What the writers never capitalized upon, despite having plenty of time, was the inherent flaw to the older system. The nanotech was within Skinner’s system, but unlike Scully’s situation, the control chip elements were not present in his body. It took a signal from outside, originating from the control mechanism owned by Krycek, to activate the programming. This could and should have been the key to Skinner’s next step in character development.
Skinner should have been seeking out a means of controlling the nanotech himself, especially to his own benefit. After all, if the nanotech can interfere with the body, it can be programmed to maintain the body. That is one of the functions of the nanotech within the control chip implants seen in “En Ami”, for example. If Skinner continues to be a pawn, used by others, then taking control of the nanotech within his body would be a metaphor (and would facilitate) taking control of his own destiny.
Even if Skinner were to destroy the control mechanism, it would be a step in the right direction. Unfortunately, the writers never took advantage of the obvious storytelling opportunities. The nanotech would either be ignored or used sporadically and inconsistently, because there was little interest on the part of the writing staff to give Skinner that final step towards redemption.
Still, that has no bearing on whether or not this episode is successful. From the perspective of the sixth season in particular, this avoids the three primary pitfalls of the “XF Lite” era (seasons 6-7): it has strong connections to the “big picture”, the main characters act according to previously established development, and there’s no “wacky, funny hook”.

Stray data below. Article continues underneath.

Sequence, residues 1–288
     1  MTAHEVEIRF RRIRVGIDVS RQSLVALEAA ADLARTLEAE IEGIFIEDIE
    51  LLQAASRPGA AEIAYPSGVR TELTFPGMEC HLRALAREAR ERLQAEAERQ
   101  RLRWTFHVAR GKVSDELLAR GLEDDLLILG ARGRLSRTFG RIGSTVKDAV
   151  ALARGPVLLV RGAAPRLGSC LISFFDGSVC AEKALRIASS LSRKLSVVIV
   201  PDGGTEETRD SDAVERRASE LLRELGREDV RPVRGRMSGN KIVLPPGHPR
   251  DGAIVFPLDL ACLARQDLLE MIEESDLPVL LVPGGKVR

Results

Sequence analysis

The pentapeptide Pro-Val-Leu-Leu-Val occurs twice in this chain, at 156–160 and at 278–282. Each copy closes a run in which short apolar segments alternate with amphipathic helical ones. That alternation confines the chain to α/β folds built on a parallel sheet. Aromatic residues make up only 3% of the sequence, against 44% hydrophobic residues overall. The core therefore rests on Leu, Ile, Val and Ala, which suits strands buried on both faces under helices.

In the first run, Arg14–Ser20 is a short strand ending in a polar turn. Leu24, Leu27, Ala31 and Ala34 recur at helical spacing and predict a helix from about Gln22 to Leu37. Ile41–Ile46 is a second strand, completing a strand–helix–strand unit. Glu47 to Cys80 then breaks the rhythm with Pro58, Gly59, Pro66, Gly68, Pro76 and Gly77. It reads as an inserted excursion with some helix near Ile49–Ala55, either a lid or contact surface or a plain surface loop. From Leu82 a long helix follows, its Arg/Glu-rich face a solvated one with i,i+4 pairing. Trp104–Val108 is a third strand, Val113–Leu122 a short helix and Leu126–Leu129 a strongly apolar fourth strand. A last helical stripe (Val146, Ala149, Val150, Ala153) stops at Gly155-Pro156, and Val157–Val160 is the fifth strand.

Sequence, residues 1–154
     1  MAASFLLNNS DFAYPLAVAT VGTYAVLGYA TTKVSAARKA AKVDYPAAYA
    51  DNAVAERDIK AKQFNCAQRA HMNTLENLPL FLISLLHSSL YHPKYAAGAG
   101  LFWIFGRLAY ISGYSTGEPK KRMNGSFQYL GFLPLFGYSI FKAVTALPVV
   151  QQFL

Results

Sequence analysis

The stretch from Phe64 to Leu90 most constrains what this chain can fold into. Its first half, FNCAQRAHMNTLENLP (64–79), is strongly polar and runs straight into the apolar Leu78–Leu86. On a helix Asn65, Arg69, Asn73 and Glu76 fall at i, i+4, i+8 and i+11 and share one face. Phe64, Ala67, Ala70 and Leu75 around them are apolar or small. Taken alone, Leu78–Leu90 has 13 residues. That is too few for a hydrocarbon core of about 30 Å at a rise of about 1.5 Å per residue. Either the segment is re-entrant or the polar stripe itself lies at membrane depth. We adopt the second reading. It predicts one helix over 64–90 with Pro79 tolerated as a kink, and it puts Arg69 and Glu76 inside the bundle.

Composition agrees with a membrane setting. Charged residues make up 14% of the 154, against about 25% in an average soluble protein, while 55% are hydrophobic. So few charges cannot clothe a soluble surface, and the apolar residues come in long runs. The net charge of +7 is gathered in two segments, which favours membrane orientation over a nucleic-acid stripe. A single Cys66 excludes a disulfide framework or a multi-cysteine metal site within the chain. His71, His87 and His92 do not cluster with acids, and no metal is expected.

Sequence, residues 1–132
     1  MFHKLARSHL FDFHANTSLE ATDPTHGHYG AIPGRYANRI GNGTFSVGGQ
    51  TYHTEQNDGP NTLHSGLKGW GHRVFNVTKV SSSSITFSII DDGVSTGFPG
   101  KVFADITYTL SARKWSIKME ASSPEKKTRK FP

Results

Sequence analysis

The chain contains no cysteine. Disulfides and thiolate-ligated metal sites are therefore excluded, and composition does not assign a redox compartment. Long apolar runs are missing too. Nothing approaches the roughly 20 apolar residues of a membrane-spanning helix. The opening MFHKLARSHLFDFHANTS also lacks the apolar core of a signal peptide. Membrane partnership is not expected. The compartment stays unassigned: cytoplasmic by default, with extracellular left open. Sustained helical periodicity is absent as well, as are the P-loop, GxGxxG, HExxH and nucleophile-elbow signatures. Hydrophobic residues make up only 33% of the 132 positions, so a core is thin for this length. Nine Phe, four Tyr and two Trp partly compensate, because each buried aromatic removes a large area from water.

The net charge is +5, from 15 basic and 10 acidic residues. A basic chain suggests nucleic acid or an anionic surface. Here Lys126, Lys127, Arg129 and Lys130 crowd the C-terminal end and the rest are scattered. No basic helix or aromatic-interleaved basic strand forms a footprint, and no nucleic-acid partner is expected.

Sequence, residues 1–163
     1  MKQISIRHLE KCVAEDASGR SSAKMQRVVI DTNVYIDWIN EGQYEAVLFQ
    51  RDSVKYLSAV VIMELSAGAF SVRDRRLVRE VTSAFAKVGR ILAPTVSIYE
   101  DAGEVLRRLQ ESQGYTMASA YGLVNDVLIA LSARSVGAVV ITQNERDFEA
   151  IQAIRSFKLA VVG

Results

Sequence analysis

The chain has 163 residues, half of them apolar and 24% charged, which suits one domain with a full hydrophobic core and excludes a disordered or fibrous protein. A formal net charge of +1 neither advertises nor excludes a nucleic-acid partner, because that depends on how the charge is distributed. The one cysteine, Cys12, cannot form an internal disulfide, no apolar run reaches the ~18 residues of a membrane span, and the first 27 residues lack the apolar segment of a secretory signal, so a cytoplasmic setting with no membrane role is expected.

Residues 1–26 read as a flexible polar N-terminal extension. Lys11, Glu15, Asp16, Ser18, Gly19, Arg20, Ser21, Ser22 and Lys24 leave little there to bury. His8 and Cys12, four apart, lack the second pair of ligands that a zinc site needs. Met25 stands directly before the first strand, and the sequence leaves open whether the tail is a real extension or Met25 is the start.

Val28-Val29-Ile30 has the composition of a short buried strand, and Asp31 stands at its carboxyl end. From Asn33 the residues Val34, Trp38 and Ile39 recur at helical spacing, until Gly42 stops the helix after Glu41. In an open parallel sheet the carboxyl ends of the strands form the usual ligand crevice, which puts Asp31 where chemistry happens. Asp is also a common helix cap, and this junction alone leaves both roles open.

In addition, it avoids the mistakes of later mythology episodes by focusing on an element that is consistent with the mythology to date. One could even argue that this was one of the last “pure” mythology tales, written before the need to improvise plot elements from season to season. For all those reasons, this is one of the better episodes of the sixth season.
SKINNER: “Every minute of every day, we choose. Who we are, who we forgive, who we defend and protect. To choose a side or to walk the line, to play the middle, to straddle the fence between what is and what should be. This was the course I chose, trying to find the delicate balance of interests that can never exist, choosing by not choosing. Defending a center which cannot hold. So death chose for me.”
SKINNER: “I’ve been lying here thinking. Your quest…it should have been mine.”
SCULLY: “What do you mean?”
SKINNER: “If I die now, I die in vain. I have nothing to show for myself. My life…”
SCULLY: “Sir, you know that’s not true.”
SKINNER: “It is. I can see now that…I always played it safe. I wouldn’t take sides. Wouldn’t let you and Mulder pull me in.”
SCULLY: “You’ve been our ally more times than I can say.”
SKINNER: “Not the kind of ally that I could have been.”
Overall, this episode is something of a return to form, bringing some much needed conspiracy and mythology elements to the sixth season. This is also arguably the best Skinner-centric episode of the series, and had the writers followed through, it could have been the source of his redemption. Even so, this was one of the highlights of the sixth season.
Final Rating: 8/10